(Fwd) Correction

Douglas Rhoads drhoads at MERCURY.UARK.EDU
Wed Oct 23 17:18:55 EST 1996


Does anyone on this group know what causes a perfectly normal looking 
ASCII document to become laden with these '3D' characters and the 
like.  I am editing this one more time.  If it doesn't look good this 
time then we'll have to forget it.  Sorry for garbaging the group 
with this.

------- Forwarded Message Follows -------
To:            yeast at net.bio.net
From:          drhoads at mercury.uark.edu ("Douglas Rhoads")
Subject:       Correction
Date:          23 Oct 1996 12:36:59 -0700

I understand part of this didn't come through or was not completely 
edited from the WordPerfect version so I am sending it again.


>Hi netters,
>I'm looking for a protocol to label a probe by PCR with alpha P32dATP.
>Does somebody have such a protocol? Thanks for your help.
>                      David Humair




PCR Labeling

ref: Dana Heiny and Doug Rhoads  modification of  Schowalter and Sommer 
1989, Analytical Biochemistry:177:90-94.

For the production of very hot probes.  Probably only efficient for
amplicons <1100 bp.  Efficient PCR labeling requires low
concentrations of unlabeled deoxynucleoside triphosphates (dNTPs)
relative to standard PCR.  For longer amplicons (>500 bp) the
limiting amount of  a-32P-dATP causes accumulation of short products. 
For longer inserts up to around 1100 bp, doubling the dATP
concentration usu ally allows production of full length amplification
products.  Amplification is from =<1 ng of a target PCR fragment or
insert-containing-plasmid.  The size and source of the DNA insert to
amplify (am plicon), as well as the buffer formulation can affect the
final percent incorporation.  Since incomplete extension of the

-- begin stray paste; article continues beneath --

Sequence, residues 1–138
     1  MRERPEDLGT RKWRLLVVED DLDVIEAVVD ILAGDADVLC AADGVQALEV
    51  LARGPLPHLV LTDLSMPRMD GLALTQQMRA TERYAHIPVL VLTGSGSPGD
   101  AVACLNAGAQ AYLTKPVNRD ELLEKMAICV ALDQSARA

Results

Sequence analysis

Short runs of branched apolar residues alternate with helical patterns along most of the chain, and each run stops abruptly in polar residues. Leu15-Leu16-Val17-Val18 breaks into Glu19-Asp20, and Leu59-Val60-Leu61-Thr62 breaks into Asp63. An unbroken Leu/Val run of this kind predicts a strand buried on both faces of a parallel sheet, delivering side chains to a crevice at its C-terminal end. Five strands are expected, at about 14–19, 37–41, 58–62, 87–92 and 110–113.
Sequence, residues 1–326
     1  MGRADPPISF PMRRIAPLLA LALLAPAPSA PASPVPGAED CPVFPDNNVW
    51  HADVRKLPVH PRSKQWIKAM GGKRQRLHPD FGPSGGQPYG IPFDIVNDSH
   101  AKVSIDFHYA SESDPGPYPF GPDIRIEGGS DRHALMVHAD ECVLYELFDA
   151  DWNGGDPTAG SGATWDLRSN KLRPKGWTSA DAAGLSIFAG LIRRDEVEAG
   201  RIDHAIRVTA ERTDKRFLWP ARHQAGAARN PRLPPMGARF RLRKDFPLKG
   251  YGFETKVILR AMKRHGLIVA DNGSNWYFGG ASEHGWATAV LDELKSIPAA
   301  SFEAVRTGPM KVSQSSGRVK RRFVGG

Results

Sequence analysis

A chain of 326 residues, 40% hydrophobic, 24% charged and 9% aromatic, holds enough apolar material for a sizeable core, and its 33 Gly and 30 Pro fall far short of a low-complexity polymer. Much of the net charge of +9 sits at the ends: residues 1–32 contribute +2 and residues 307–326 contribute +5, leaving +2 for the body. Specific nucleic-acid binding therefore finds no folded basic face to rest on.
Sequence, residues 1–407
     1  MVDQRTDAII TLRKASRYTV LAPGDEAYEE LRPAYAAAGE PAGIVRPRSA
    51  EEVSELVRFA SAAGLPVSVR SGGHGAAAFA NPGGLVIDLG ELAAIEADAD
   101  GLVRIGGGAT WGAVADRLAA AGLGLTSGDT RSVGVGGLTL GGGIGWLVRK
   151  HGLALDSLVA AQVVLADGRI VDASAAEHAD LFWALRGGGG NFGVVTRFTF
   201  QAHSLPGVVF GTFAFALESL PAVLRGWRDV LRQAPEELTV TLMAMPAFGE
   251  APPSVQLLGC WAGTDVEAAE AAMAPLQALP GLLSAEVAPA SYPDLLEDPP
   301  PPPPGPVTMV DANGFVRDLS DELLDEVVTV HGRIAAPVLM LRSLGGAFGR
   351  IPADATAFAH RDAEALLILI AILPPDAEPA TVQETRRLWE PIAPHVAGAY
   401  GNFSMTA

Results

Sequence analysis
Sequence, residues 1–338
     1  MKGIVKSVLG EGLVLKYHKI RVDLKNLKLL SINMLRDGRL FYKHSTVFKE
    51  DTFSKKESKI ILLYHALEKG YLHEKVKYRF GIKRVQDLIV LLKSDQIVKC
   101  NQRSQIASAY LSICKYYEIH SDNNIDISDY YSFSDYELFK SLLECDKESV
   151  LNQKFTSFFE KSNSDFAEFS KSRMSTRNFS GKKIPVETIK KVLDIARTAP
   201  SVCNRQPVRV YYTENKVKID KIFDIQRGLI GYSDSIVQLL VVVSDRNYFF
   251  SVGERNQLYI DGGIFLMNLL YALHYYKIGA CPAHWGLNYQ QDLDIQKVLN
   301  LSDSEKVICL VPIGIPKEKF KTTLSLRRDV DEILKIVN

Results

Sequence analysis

primers results in undesirable small products (30-100 bp), total TCA
precipit able counts are poor indicators of the quality of the probe
synthesized.  Therefore, for new amplicons or those of larger size
you should determine an approximate size for the products by
resolving a small aliquot (1/500th of final product) on a small TEB
denaturing polyacrylamide gel.  Incorporations generally range from
50- 90% and produce up to 20 ng of probe at 4-6 x 10^9 cpm/ug.  The
major a dvantage of this method over nick-translation or random
priming is that final probe is not contaminated with cold template
(i.e., specific activity 6-10x higher).  One disadvantage of this
method is the size limit of the amplified region (amplicon).

The following protocol represents optimal conditions for samples
sealed in glass capillary tubes and cycled in a Idaho Technology
1605 Air Thermo-Cycler.


PCR Parameters:     
90oC 30 sec 
90oC 15 sec    \
45oC 15 sec    >   25x 
72oC 90 sec    /    Ramp set to S1 
72oC 3 min

Anneal temperature should be adjusted for the particular primers in
use according to what normally works for the primers being used.
Times for anneal and extension may also be adjusted to fit
particular PCR methods and machines other than the Idaho Aircycler.
At end of cycling, add 180 ul TE and 5 ug carrier yeast RNA.  Purify
over G-50 spin column.  Quantitate by TCA precipitation and possibly
test on denaturing mini gel.  Should be used within one day as a
hybridization probe. 

Table 1 Reaction Mixtures for PCR Labeling

Final	For DNA amplicons
           <500 bp 	>500 bp 
            Use    Use   of Solution
20 ul	   8.2 ul  3.2 ul   H2O
1x Buffer  2 ul	   2 ul	    10x Idaho Buffer*
2.5 uM	   1 ul	   1 ul	    50 uM dCTP, dGTP, dTTP
250 nM	   1 ul	   1 ul	    5 uM forward primer
250 nM	   1 ul	   1 ul	    5 uM reverse primer
50 pg/ul   1 ul	   1 ul	    1 ng/ul plasmid
                             containing amplicon
0.125 U/ul 0.8 ul  0.8 ul   3 Units/ul Taq DNA
                             Polymerase (5 Units/ul
                             use 0.5 ul)
0.825 uM   5 ul	    --	    a-32P-dATP (3000 Ci/mmol)
1.65  uM    --	    10 ul**  a-32P-dATP (3000 Ci/mmol)

*- Idaho  Buffer 1x concentration= 50 mM Tris, pH 8.3; 250 ug/ml
 BSA; 1 mM MgCl2; 0.5% ficoll; 1 mM tartrazine. 

**- the amount of total radioactivity may be reduced to 5 ul by
substitution (supplementation) with cold dATP (i.e., 5 ul of 3.3 uM
dATP). 


||                  Douglas Rhoads                        ||
||drhoads at mercury.uark.edu || Dept. of Biological Sciences||
||drhoads at comp.uark.edu    || 601 Science Engineering     ||
||501-575-3251             || University of Arkansas      ||
||FAX 501-575-4010         || Fayetteville, AR 72701      ||
||      http://comp.uark.edu/~bioinfo/bisc.html           ||
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